Containers made from cement composite materials provide a practical “blank slate” for designing and planting. The Venice line of planters from IOTA have the contemporary look of brush cement with the lightweight and strong construction of a composite material and design.
Unlike many other molded cement, composite, or plastic pots, the styling of the Venice planters is sleek and modern. While exquisite in and of themselves, these composite material planters are showcases for any type of plant. They won’t compete with the plants, but will enhance the plants’ natural beauty.
When specifying containers and planters for a commercial or residential landscape, it’s essential that the planters coordinate with other features in the landscape. If this is not considered, the planters will stick out like a sore thumb. Venice cement composite planters are light gray in color with some color variation.
The gray undertones and cement “patina” look of this composite material come together to form a fairly neutral effect that will work with almost any other materials specified. Dark red, untextured brick and bright, synthetic materials are more difficult to coordinate with natural materials compared to Venice planters. Equally at home poolside, outside contemporary steel and glass buildings, and on wood decks, these garden pots coordinate best with other materials that have natural variation.
The shapes of the pots are equally as important when specifying for use as are the colors. The straight-sided cube and trough shapes are more contemporary than the tapers. The rounded bottom containers can go either way—the setting and the plants will determine whether they skew contemporary or classic-country in style.
The way the pots are grouped also determines the style. Repeating the same container in a line is more formal and modern than grouping the same containers in different sizes. To lead the eye to a focal point, create a “hallway” of garden pots—the same containers repeated. To stop the eye and give it a resting point, create a grouping with various sizes of planters—two short and one tall taper—for example.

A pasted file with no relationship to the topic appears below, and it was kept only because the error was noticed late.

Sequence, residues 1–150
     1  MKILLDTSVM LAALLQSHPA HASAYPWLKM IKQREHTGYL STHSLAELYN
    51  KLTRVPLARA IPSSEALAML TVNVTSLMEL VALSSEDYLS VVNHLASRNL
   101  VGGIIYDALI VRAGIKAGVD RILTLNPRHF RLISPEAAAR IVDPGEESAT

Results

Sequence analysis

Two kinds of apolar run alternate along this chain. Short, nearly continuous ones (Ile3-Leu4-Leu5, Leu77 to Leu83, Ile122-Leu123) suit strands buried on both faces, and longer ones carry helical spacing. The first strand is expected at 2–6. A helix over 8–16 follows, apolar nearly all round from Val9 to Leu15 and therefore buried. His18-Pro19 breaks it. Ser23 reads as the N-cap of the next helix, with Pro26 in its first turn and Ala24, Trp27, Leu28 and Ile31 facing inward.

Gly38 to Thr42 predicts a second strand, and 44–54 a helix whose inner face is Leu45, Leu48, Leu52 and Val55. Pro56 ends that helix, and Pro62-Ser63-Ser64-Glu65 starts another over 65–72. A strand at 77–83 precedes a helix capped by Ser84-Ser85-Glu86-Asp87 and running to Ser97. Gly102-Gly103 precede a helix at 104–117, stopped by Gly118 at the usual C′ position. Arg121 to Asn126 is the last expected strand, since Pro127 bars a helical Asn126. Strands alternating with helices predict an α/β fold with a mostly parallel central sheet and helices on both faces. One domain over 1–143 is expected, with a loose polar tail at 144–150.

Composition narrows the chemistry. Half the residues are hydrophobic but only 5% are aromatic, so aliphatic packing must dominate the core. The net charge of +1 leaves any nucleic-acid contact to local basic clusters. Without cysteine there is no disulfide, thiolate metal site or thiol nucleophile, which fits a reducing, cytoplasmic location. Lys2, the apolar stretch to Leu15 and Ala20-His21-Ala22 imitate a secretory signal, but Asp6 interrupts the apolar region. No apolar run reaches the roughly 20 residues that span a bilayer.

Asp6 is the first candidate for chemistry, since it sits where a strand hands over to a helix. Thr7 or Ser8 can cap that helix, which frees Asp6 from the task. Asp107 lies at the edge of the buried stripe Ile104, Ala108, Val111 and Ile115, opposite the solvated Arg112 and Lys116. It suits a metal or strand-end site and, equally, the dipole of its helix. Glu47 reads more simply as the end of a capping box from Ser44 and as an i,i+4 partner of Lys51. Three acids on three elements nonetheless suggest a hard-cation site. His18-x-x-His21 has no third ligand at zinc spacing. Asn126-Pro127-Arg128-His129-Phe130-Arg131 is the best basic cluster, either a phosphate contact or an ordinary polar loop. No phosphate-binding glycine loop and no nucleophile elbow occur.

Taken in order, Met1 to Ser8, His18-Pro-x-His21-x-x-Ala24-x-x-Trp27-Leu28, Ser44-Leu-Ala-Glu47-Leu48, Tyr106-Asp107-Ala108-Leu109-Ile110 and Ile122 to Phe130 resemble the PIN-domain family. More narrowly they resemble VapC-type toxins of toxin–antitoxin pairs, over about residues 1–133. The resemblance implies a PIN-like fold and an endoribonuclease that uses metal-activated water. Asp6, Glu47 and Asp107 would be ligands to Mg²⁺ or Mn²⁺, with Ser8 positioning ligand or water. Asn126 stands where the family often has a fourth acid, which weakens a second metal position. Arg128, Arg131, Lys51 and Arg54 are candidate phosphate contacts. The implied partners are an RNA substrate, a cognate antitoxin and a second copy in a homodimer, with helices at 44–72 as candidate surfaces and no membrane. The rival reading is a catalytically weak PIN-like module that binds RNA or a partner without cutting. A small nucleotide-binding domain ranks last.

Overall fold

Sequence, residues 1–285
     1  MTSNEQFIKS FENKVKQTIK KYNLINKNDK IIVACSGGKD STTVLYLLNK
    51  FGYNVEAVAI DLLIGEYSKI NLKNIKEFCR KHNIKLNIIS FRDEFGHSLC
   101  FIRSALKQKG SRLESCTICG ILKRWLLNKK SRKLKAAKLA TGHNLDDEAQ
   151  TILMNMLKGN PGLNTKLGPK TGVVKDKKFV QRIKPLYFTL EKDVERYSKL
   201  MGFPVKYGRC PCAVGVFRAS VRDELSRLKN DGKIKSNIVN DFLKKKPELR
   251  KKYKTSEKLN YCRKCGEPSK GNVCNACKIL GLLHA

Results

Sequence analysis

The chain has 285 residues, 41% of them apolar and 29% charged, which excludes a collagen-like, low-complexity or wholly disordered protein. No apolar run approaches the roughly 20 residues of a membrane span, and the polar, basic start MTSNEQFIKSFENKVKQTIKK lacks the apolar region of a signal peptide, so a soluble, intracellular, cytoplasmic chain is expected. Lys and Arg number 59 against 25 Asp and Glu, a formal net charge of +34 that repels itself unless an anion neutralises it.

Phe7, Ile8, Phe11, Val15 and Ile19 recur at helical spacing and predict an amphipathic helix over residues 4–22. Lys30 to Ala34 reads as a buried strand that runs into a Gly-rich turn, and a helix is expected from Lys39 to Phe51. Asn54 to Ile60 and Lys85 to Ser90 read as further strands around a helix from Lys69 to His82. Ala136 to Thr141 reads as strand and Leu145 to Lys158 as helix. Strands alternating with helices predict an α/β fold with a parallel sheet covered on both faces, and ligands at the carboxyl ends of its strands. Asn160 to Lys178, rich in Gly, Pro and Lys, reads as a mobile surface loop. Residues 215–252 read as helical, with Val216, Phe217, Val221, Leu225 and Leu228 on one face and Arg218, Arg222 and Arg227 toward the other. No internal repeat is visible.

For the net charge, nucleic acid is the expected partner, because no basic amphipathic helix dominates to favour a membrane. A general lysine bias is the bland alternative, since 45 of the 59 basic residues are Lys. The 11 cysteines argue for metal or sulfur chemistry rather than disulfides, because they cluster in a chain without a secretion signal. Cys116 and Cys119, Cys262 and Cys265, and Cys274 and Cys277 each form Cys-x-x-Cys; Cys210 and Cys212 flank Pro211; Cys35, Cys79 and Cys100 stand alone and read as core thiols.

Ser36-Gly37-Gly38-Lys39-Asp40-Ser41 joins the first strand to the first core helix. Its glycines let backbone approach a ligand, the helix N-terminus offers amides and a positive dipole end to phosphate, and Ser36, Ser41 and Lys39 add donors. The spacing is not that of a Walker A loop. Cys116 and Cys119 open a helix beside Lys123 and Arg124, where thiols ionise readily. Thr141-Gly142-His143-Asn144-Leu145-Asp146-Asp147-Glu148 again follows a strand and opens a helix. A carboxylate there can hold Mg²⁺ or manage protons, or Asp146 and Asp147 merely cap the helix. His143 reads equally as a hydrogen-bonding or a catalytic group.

Planting for Long-Term Health and Beauty
To make sure the garden planters you include in your design look good for more than a season, plant slow-growing trees, shrubs, and evergreen perennials. These plants will not grow out of their containers in a season or two, and they’ll look good year-round. Succulents make good choices for pots because they’re drought-tolerant and long-lived.
Palms are excellent for container gardens. They aren’t actually trees. Palms are in the same plant family as grasses, and they don’t have deep, material-breaking roots. Cycads are distantly related to palms, and they are also good plant choices. Cycads look great in shorter garden planters with rounded bottoms.
Aloes, agaves, and other succulents look lovely in the Venice planters, provided that they are cold-hardy to the area where they’re planted. Be careful about specifying agaves with long spines for containers that will be placed at eye-level in public areas. Aeonium are succulents that behave more like perennials and will go dormant during hot, dry summers. Stay away from them.
Evergreen perennials such as leopard plant and lavender are softer choices that nicely compliment both straight-sided and rounded garden pots. Agapanthus are bulbs that grow like evergreen perennials. When not blooming, they have grass-like fleshy leaves that soften the edges of Venice tapers, troughs, and cubes.
Palms and dracaena are excellent choices for indoor planting with IOTA’s composite Venice planters.
By matching existing site materials with the cement composite of the Venice planters range and coordinating plant selections to match materials, light, and traffic conditions, you can create an exquisite, contained garden that adds to the overall architectural design.
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